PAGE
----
Platforms and the rule of three

Back in my old gig, I wrote a feature-length story entitled “Top 20 IT Mistakes” and wrote a followup blog post in which I referenced the excellent Facts and Fallacies of Software Engineering by Robert Glass, writing:

The book contains 55 facts ranging from the people-specific (“Fact 1: The most important factor in software work is the quality of the programmers”) to more specific rules of thumb about the process (“Fact 21: For every 25 percent in problem complexity, there is a 100 percent increase in solution complexity”). There are also 10 fallacies (e.g. “Fallacy 3: Programming can and should be egoless”). Both the facts and the fallacies are organized in a uniquely readable way — each one is a self-contained unit (cross-referencing the others when appropriate) that is divided into “discussion” (an outline of the collected wisdom behind the fact or fallacy), “controversy” (a description of why it is controversial), “sources” (a discussion of the source material available on the subject), and “references” (a traditional bibliography for that particular fact or fallacy).

These days, I’m thinking more about platforms than avoiding IT mistakes, and Glass’ book has helped clarify my thinking once again. Recently, I was thinking about what made a technology a “platform” technology (particularly in the context of the Web 2.0 “web as platform” concept) and I had decided that the platform test was simple: if a piece of technology served two or more separate systems, then it’s a platform, so platform technologies should be designed to do that. With that in mind, I looked into Glass’ book again and this time, Fact 18 suggested that my minimum was one short:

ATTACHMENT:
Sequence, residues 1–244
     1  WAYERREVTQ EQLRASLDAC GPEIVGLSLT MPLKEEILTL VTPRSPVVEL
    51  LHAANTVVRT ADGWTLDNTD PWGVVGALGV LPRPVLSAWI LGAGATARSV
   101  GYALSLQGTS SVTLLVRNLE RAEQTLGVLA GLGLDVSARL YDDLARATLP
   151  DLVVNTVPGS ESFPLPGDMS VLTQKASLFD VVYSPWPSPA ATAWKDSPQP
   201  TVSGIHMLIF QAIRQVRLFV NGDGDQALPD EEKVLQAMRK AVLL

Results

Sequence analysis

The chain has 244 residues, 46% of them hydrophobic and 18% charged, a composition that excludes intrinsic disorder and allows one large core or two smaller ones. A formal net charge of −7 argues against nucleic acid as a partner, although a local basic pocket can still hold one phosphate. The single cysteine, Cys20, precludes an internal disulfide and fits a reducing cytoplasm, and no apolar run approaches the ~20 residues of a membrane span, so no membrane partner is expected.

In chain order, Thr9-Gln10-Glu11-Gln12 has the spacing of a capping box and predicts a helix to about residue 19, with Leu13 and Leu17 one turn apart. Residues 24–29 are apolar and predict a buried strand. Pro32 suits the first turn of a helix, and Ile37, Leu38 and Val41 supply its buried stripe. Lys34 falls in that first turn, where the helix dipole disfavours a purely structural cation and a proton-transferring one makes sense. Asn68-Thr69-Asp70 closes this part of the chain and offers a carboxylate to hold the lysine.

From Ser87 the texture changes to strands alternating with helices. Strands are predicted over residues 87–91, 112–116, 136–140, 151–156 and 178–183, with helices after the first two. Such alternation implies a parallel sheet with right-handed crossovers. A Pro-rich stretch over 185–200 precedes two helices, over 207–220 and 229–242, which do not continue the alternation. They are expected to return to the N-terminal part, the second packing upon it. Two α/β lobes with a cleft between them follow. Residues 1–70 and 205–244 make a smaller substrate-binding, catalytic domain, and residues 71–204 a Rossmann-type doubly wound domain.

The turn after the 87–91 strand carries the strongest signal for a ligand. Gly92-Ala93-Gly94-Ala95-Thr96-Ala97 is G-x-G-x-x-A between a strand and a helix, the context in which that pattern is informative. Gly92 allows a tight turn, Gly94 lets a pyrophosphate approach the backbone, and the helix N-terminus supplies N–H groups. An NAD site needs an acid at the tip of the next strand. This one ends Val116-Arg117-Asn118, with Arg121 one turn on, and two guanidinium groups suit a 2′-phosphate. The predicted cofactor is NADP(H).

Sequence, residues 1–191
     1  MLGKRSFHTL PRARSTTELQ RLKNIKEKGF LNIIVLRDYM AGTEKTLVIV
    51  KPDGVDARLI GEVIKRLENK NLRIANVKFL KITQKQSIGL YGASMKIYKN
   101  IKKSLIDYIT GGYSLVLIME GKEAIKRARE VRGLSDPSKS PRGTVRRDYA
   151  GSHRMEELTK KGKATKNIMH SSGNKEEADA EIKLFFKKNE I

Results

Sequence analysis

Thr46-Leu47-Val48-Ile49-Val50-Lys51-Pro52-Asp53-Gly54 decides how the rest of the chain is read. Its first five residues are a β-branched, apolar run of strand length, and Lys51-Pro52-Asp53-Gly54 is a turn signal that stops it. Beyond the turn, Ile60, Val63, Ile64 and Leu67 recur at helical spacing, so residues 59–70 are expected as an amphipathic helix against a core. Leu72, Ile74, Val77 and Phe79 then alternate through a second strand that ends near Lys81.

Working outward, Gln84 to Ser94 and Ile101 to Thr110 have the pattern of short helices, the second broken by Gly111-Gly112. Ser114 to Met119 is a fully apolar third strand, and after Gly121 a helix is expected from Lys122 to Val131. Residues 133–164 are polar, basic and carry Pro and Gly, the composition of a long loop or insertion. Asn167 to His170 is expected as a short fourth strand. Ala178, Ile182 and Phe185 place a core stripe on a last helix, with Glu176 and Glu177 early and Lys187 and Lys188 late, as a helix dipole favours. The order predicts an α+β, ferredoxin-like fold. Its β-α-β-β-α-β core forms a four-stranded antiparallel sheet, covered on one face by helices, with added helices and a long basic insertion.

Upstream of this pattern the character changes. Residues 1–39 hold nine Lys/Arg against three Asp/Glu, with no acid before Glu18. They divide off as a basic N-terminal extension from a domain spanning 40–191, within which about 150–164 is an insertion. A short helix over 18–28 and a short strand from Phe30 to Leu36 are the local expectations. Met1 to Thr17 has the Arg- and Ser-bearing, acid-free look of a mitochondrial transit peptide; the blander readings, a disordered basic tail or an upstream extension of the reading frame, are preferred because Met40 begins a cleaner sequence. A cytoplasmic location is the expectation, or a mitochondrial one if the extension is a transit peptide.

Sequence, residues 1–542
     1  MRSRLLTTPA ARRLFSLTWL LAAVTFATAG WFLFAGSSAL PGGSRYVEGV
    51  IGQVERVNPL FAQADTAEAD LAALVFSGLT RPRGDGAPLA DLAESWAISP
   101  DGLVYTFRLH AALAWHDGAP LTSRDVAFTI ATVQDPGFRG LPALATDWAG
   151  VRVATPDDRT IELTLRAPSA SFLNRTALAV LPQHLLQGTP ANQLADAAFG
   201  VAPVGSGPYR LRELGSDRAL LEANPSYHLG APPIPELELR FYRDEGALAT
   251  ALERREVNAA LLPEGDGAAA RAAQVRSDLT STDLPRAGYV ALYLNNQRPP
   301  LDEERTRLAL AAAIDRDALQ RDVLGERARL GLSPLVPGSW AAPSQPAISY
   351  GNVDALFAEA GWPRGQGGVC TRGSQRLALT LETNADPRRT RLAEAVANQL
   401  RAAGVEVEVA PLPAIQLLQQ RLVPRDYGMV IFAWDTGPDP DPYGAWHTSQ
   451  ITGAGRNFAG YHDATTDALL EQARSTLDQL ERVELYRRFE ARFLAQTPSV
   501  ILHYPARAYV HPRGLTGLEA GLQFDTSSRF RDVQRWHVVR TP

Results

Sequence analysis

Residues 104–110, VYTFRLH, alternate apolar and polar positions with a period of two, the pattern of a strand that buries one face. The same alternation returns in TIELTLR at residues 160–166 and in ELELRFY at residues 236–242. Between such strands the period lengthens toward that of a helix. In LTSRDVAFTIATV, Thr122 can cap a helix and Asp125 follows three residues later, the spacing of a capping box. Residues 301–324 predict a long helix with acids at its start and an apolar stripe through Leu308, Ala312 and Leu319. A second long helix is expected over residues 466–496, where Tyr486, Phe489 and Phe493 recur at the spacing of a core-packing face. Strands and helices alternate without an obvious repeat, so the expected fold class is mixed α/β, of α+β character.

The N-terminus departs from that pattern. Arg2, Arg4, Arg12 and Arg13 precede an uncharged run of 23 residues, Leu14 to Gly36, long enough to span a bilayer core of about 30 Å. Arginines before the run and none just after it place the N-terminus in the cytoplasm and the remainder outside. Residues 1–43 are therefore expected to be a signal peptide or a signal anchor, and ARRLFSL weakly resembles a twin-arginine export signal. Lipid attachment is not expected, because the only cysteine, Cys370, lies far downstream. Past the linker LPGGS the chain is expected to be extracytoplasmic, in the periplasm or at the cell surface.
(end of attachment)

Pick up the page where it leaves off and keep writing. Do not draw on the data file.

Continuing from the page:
There are two “rules of three” in reuse: (a) It is three times as difficult to build reusable components as single use components, and (b) a reusable component should be tried out in three different applications before it will be sufficiently general to accept into a reuse library.

This sort of language seems very particular to writing code libraries/modules for use inside an organization, but I think the thinking clearly extends to web services that are intended to be “platforms.” Glass goes on to say that the skill set and approach required in building reusable code (and therefore “platform” code in my mind) is unique:

It is no wonder that knowledgeable experts say it takes three times as long. It is also worth pointing out that, although most people are capable of thinking about problems in a generalized way, it still requires a different mindset from simply solving the problem at hand. Many advocate the use of particularly skilled, expert generalizers.

The second rule of thumb is about being sure that your reusable component really is generalized. It is not enough to show that it solves your problems at hand. It must solve some related problems, problems that may not have been so clearly in mind when the component was being developed. Once again, the number of three — try your component out in three settings — is arbitrary. My guess is that it represents a minimum constraint. That is, I would recommend trying your generalized component in at least three different applications before concluding that it truly is generalized.

Those three applications don’t have to be huge, of course, and not all companies even have three products, but the “rule of three” seems reasonable when you’re thinking about building platforms. Maybe you won’t build those three apps to leverage your platform immediately, but you better be thinking about what those three apps might be.